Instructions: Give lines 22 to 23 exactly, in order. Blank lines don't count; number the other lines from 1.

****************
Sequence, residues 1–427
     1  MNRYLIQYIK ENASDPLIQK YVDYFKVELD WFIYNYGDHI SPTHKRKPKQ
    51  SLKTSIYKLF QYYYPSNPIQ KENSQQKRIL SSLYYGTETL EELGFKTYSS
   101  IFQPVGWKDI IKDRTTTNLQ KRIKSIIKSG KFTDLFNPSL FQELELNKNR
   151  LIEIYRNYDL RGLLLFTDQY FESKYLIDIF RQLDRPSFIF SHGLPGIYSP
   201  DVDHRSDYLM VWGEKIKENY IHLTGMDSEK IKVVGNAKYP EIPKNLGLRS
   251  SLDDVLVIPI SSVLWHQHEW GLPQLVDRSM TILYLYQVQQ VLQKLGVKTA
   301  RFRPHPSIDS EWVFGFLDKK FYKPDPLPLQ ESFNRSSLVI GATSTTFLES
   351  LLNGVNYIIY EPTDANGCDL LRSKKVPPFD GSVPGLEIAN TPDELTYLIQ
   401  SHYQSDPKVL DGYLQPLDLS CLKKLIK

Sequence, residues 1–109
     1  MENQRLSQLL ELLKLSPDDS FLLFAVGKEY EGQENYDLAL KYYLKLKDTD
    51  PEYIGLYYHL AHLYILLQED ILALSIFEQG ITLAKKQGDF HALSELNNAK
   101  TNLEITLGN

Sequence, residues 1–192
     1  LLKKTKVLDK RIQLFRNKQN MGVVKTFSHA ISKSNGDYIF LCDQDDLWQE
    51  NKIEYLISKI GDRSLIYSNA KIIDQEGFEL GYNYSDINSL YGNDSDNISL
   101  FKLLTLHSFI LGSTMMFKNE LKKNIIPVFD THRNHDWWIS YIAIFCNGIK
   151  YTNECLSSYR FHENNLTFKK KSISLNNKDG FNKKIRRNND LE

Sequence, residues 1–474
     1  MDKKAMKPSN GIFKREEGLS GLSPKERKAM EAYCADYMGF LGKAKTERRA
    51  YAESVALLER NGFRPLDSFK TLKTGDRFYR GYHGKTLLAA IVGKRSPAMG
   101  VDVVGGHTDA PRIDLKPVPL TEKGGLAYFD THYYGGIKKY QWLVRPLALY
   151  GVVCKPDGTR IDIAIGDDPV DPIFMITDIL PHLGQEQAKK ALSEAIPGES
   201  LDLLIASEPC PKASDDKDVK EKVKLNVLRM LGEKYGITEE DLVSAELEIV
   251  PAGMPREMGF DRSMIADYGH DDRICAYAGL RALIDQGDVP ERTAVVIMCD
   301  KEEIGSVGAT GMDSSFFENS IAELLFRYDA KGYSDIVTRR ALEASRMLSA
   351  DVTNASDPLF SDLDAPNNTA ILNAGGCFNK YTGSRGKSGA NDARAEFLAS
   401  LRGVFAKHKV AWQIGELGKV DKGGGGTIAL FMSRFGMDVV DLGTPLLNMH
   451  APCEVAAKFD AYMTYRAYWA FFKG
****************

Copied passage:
    51  YAESVALLER NGFRPLDSFK TLKTGDRFYR GYHGKTLLAA IVGKRSPAMG
   101  VDVVGGHTDA PRIDLKPVPL TEKGGLAYFD THYYGGIKKY QWLVRPLALY